How to start with Spring Batch using Spring Boot – Java Config
Many business operations need to process with batch job for critical environment. Spring Batch is a lightweight framework to boot the batch application.
The tutorial will guide you how to start with Spring Batch using Spring Boot.
Related Artical: How to start with Spring Batch using Spring Boot – XML Config
I. Technologies for Spring Batch tutorial
– Java 1.8
– Maven 3.3.9
– Spring Tool Suite – Version 3.8.1.RELEASE
– Spring Boot: 1.4.0.RELEASE
1. Structure of project
2. Step to do
– Create Spring Boot project
– Add needed dependencies
– Configure datasource for Batch Job Repository
– Create Step:Reader, Processor, Writer
– Configure Batch Job
– Create a Controller for launch Job
– Run & Check result
3. Demo Video
1. Create Spring Boot project
2. Add needed dependencies
– Add dependencies: Web MVC, Spring Batch, PostgreSQL
3. Config datasource for Batch Job repository
4. Create Step:Reader, Processor, Writer
public interface ItemReader: Strategy interface for providing the data.
Implementations are expected to be stateful and will be called multiple times for each batch, with each call to read() returning a different value and finally returning null when all input data is exhausted.
Implementations need not be thread-safe and clients of a ItemReader need to be aware that this is the case.
A richer interface (e.g. with a look ahead or peek) is not feasible because we need to support transactions in an asynchronous batch.
public interface ItemProcessor: Interface for item transformation. Given an item as input, this interface provides an extension point which allows for the application of business logic in an item oriented processing scenario. It should be noted that while it’s possible to return a different type than the one provided, it’s not strictly necessary. Furthermore, returning null indicates that the item should not be continued to be processed.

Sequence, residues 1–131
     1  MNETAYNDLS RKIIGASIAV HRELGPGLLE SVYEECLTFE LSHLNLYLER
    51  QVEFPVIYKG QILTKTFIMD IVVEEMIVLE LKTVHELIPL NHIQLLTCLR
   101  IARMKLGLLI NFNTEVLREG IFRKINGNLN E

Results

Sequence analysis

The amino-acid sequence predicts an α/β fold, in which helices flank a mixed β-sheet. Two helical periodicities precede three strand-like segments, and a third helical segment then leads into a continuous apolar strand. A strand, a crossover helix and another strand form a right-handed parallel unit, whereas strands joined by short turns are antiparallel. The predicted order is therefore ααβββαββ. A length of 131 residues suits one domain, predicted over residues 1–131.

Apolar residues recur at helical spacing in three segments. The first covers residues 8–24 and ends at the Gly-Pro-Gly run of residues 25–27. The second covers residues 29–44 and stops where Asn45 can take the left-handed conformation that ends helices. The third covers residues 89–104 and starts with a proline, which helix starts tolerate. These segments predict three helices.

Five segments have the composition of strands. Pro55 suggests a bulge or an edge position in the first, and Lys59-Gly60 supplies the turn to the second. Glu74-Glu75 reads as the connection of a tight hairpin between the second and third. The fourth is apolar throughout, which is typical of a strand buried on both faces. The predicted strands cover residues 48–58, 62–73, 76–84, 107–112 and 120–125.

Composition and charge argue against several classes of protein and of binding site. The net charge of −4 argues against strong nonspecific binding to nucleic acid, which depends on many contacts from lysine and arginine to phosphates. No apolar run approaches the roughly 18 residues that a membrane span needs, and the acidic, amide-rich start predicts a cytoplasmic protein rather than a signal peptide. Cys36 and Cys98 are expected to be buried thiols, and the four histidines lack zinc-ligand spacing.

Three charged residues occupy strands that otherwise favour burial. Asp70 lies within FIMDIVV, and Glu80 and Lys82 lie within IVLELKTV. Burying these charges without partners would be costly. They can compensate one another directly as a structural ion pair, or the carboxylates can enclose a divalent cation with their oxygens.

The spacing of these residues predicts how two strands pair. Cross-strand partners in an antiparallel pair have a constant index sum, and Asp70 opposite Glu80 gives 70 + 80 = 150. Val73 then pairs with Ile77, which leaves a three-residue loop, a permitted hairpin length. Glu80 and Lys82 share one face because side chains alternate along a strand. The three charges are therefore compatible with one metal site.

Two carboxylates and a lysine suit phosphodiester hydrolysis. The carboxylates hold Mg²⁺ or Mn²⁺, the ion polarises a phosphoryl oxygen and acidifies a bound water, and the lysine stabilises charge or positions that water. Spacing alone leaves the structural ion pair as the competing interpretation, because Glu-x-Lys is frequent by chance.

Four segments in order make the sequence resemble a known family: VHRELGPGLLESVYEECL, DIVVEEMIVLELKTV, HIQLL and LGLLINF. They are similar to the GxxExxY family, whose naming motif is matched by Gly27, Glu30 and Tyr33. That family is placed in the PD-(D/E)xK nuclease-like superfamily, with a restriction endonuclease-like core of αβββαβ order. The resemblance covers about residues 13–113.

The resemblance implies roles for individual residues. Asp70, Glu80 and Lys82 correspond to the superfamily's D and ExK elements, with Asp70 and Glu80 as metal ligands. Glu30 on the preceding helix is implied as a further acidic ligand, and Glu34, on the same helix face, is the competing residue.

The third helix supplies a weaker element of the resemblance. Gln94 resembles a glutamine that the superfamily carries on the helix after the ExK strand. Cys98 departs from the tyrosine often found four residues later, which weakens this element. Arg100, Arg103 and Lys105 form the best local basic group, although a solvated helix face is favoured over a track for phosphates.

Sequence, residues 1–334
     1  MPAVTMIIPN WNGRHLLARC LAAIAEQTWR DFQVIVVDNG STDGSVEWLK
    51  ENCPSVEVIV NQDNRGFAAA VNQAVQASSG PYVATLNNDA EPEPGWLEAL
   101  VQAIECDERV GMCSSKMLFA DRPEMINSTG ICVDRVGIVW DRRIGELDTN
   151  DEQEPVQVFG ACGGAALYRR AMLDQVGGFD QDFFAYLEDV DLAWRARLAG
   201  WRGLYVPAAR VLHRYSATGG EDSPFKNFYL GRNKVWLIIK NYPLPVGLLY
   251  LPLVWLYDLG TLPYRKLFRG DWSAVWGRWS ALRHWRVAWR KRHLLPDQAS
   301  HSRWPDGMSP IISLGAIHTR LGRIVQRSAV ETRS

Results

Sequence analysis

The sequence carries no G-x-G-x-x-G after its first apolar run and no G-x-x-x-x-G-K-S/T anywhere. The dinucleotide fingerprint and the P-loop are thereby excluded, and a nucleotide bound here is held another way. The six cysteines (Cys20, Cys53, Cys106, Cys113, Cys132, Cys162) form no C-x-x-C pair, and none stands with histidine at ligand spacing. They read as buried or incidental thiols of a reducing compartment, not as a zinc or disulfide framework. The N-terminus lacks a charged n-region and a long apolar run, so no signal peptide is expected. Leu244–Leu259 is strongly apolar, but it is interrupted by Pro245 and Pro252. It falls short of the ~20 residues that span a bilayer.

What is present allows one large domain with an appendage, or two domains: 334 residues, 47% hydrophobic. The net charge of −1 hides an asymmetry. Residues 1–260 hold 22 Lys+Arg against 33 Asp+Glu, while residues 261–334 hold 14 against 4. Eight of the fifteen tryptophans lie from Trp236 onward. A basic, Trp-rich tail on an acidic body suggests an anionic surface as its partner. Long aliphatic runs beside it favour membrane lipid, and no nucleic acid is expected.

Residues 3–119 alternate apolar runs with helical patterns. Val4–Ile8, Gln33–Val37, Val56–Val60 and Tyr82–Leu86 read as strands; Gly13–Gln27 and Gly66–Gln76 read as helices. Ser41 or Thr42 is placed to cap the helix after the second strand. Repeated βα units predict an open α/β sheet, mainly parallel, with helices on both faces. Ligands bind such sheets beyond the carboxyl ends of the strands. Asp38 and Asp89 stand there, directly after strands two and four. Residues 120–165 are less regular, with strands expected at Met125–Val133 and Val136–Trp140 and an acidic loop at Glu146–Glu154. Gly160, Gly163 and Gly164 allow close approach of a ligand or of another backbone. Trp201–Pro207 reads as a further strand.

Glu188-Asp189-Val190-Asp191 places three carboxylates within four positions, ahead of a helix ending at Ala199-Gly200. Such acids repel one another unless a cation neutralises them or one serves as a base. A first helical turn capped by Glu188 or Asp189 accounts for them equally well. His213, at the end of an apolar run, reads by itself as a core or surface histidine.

public interface ItemWriter: Basic interface for generic output operations. Class implementing this interface will be responsible for serializing objects as necessary. Generally, it is responsibility of implementing class to decide which technology to use for mapping and how it should be configured.
5. Enable Spring Batch
In main class, use @EnableBatchProcessing: Enable Spring Batch features and provide a base configuration for setting up batch jobs in an @Configuration class.
6. Configure Batch Job
Create a configuration file and enable Spring batch via annotations:
7. Create a Controller for launch Job
Create a simple controller JobLauncherController with 1 @RequestMapping(“/launchjob”)
org.springframework.batch.core.launch.JobLauncher: Simple interface for controlling jobs, including possible ad-hoc executions, based on different runtime identifiers. It is extremely important to note that this interface makes absolutely no guarantees about whether or not calls to it are executed synchronously or asynchronously. The javadocs for specific implementations should be checked to ensure callers fully understand how the job will be run.
org.springframework.batch.core.JobParameters: Value object representing runtime parameters to a batch job. Because the parameters have no individual meaning outside of the JobParameters they are contained within, it is a value object rather than an entity. It is also extremely important that a parameters object can be reliably compared to another for equality, in order to determine if one JobParameters object equals another. Furthermore, because these parameters will need to be persisted, it is vital that the types added are restricted. This class is immutable and therefore thread-safe.
8. Run & Check result
– Maven build:clean install
– Run project with mode: Spring Boot App
Make a request:http://localhost:8080/launchjob
IV. Source code